We basically see the same weight loss as we did with the gastric bypass. Average weight loss is 70% of what you were overweight. If you are 100 pounds overweight, your average weight loss will be 70 pounds. If you are 200 pounds overweight, your average weight loss will be 140 pounds. That’s average. Some will lose more and some will lose less. That is very good weight loss. Long-term we see about 10-20% regain most of their weight. With any of these operations you can gain your weight back. Your stomach is a little bigger than with the gastric bypass. So why do we see a similar result? It’s because ghrelin levels go down. In the other operations, that part of the stomach is still there. We can control the hunger somewhat with appetite suppressants. But they’re not necessarily ideal. With the sleeve gastrectomy ghrelin levels go down and hunger is easier to control.
Overall, for most people considering weight loss surgery, the sleeve gastrectomy is the better option. One of the reasons is we keep the anatomy normal. There’s a lower risk with the procedure, a fairly quick recovery and very good weight loss. We also get rid of any concerns about having anatomic abnormalities or nutritional abnormalities (malabsorption). There’s no mechanical device. Finally, you haven’t burned a bridge. That means if you don’t get out of it what you wanted out of it your anatomy is at least still normal. If your anatomy is still normal you could still have any of the other surgeries done. You could have a band placed on it or converted to a bypass. This is much more difficult after any other the other weight loss surgeries. We haven’t revised these things. We’ve seen really good results with them.
How does CFWLS compare to the national average? Obviously we’re doing this for weight loss to improve medical problems and improve your life. We’re doing the same thing as everyone else in the world but we’re seeing better weight loss. We have a 15.8% better average weight loss at 2 years. We have good education and weight loss. We give you a full year afterward. And with that better weight loss we also see better reduction in medical problems: Diabetes 78.6% vs 62.3%, HTN 62.5% vs 46.9%, lipids 70.7% vs 45.3%, sleep apnea 69.4% vs 56.6%, and GERD 74.3% vs 16.6%. Some people think weight loss surgery shouldn’t be done on patients with GERD. But we’ve seen it get much better, not worse. Again, it’s not the operation. It’s what you do with the operation. If you do the right things it can fix these medical problems.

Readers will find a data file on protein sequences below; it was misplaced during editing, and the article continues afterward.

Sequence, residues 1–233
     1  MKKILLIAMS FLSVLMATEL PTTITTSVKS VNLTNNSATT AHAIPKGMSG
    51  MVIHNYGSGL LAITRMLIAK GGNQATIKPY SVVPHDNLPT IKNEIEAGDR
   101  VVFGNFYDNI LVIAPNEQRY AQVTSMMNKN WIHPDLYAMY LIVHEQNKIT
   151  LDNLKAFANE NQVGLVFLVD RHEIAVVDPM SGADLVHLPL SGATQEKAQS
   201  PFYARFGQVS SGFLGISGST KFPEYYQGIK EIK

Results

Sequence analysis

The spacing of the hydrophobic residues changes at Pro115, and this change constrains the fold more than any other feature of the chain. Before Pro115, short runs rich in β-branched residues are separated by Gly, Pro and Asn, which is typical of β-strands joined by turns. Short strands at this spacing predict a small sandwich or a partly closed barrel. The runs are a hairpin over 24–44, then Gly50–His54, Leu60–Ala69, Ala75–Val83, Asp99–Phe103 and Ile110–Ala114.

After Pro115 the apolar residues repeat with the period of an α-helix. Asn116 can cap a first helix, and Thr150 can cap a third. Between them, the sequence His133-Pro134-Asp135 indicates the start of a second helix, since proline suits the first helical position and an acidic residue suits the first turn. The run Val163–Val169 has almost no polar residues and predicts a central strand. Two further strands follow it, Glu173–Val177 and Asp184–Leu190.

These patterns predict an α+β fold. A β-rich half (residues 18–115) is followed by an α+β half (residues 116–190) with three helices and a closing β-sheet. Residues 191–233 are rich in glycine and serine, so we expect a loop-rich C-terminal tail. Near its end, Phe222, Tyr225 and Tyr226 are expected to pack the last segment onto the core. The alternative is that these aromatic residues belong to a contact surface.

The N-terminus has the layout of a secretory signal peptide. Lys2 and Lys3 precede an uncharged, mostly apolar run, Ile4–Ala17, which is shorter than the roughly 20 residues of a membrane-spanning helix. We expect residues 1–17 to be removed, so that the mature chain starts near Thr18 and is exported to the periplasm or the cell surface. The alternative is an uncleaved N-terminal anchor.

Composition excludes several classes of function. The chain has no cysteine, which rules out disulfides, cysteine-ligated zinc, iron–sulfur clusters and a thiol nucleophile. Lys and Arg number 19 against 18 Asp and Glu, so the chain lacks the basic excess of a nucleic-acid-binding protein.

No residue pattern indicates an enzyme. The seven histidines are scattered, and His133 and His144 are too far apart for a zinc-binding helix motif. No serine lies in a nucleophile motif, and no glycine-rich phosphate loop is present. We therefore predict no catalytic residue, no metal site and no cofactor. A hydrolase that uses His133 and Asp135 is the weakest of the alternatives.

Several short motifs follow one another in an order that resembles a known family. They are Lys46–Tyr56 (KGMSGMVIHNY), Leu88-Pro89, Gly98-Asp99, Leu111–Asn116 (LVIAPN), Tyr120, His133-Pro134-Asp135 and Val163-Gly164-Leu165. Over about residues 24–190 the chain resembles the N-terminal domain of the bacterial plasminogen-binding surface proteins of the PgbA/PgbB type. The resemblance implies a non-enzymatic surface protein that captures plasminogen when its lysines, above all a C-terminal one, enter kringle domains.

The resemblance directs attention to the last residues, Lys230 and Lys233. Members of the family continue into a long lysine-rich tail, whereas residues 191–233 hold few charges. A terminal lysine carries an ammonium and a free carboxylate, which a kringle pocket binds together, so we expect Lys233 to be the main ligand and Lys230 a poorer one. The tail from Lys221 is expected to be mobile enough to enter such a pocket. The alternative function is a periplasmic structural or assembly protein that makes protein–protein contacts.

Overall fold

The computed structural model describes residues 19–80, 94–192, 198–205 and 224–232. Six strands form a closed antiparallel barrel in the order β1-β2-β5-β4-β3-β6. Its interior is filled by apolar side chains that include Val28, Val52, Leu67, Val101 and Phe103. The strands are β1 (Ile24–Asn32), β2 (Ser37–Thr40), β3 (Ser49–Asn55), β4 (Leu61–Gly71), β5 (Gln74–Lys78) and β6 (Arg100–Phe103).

Why is the education and support so important? We have Weight Management University for Weight Loss Surgery™. It’s a 12-month post-op program. It includes all kinds of thing including the following: pre-op and post-op text books, monthly support group, 12 Weight Management University courses, access to Members Only portal, fitness classes, personal training and more.
View the online surgical webinar and then schedule a call with Cat Williamson to go over any further questions you may have. You’ll get a copy of my best-selling book, Less Weight…More Life!